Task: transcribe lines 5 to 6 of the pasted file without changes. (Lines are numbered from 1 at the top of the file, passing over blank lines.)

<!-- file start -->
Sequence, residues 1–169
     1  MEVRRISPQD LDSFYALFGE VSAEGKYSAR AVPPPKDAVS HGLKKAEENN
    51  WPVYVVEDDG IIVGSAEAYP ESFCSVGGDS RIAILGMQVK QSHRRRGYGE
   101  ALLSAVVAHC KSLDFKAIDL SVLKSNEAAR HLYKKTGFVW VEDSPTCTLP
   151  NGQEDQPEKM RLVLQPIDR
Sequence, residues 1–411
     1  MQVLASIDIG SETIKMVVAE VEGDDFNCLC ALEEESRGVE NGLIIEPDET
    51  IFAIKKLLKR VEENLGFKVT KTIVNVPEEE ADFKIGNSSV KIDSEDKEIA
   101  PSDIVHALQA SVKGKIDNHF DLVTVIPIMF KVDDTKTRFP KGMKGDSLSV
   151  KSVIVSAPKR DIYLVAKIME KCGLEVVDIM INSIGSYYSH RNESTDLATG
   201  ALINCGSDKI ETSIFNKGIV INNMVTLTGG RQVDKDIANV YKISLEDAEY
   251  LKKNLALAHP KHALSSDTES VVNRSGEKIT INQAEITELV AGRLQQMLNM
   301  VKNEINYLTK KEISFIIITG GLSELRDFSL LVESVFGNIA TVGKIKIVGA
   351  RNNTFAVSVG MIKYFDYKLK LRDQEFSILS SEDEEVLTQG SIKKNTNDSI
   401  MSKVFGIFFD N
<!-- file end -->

   151  NGQEDQPEKM RLVLQPIDR
Sequence, residues 1–411